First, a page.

Sat, May 08, 2021 @ 15:56 GMT
Home Action Insight Market Overview Yen Surges Through Resistance Against Dollar and Euro

Yen Surges Through Resistance Against Dollar and Euro

Yen is trading generally higher is Asian session and broke some near term resistance level. Risk sentiments are mixed in major Asian markets. While US stocks ended with gains overnight, the closes in major indices were indeed lower then opens. That’s a signal of indecisiveness among the bulls. Commodity currencies turn softer, but New Zealand Dollar is supported by robust job data. Euro turned mixed after yesterday’s selloff, but remains the weakest one for the week.

Technically, USD/JPY’s break of 106.35 temporary low suggests resumption of fall from 111.71. Further decline would be seen to 104.58 near term projection level. EUR/JPY broke 115.44 support to resume medium term down trend. 131.90 support in GBP/JPY will be a focus today and break should confirm completion of rebound from 123.94. That will be another evidence of underlying strength in Yen.

In Asia, Hong Kong HSI is up 0.57%. China Shanghai SSE is down -0.42%. Singapore Strait Times is up 1.06%. Japan is still on holiday. Overnight, DOW rose 0.56%. S&P 500 rose 0.90%. NASDAQ rose 1.13%. 10-year yield rose 0.020 to 0.657.

Fed officials expect slow, uneven recovery in H2

Fed Vice Chair Richard Clarida said the US is living through “the most severe contraction in activity and surge in unemployment that we’ve seen in our lifetimes”. Unemployment rate is going to “surge to numbers that we’ve not seen probably since the 1940s.” But he’s expecting recovery to begin in H2 as his baseline forecast. Still “the course of the economy is really going to depend on the course of the virus and the mitigation efforts”.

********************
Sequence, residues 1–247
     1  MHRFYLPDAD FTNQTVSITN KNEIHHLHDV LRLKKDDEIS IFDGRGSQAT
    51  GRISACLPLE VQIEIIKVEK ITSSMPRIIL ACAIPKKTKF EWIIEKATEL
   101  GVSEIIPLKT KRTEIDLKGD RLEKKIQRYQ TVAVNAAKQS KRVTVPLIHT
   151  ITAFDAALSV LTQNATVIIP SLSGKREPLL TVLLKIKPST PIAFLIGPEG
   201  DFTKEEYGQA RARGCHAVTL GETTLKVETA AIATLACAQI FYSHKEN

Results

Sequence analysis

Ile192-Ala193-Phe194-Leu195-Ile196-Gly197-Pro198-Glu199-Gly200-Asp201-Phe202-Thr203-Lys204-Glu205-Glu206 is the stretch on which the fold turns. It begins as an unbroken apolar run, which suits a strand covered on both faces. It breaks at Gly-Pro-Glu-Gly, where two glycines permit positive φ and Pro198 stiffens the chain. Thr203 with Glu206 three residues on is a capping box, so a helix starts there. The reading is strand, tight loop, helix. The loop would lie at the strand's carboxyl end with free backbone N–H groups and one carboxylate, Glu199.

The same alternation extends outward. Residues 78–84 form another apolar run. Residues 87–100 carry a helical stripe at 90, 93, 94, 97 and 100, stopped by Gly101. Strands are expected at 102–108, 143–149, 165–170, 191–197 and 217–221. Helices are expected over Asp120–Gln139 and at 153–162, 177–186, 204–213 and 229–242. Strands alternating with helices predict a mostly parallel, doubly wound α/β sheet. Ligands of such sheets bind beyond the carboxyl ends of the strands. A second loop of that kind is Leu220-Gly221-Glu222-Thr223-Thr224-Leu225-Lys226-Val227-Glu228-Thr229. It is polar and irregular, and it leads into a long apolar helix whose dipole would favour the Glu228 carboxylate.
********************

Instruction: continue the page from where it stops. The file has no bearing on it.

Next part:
Clarida emphasized that Fed is going to “continue to be forceful, proactive and aggressive until we’re confident that the economy is on the road to recovery, especially for Main Street”. At the same that, “fiscal policy also plays an essential role,” he said, “because the Fed has lending authority but not spending authority. We can lend money but we can’t transfer income to households and firms.”

Chicago Fed President Charles Evans said it’s “reasonable” to expect the economy to return to growth in H2. But the baseline scenario “involves a lot of things going right”. Also, “the pickup in activity will likely be slow at first, because of continued social distancing and other safety precautions”. Regarding Fed’s policy, Evans believed it’s unnecessary to put stronger forward guidance because “I can’t imagine that anybody is expecting the Fed to raise the interest rates over any relevant time horizon,”

Atlanta Fed President Raphael Bostic said there are “lots of difference possibilities” regarding the upcoming economic recovery. But, “in many communities the ‘V’ recovery is going to be very difficult to achieve.” “Across the country there has been a fair amount of diversity of experiences, diversity of vulnerability, and that will translate into diversity of recoveries,” he added.

Australia retail sales rose 8.5% with heavy impact from coronavirus

Australia retail sales rose 8.5% mom in March. Growth was recorded in food retailing (24.1%), other retailing (16.6%), and household goods retailing (9.1%). Contraction was seen in cafes, restaurants and takeaway food services (-22.9%), clothing, footwear and personal accessory retailing (-22.6%), and department stores (-8.9%).

“COVID-19 heavily impacted retail trade in March” said Ben James, Director of Quarterly Economy Wide Surveys. “There was unprecedented demand in food retailing, household goods, and other retailing. However the impact of social distancing regulations saw sales fall in cafes, restaurants and takeaway food services, and discretionary spending in clothing footwear and personal accessory retailing, and department stores, was also weak. The March month saw both the strongest rise in food retailing, and the strongest fall in cafes, restaurants and takeaway food services, that we have seen in the history of the series.”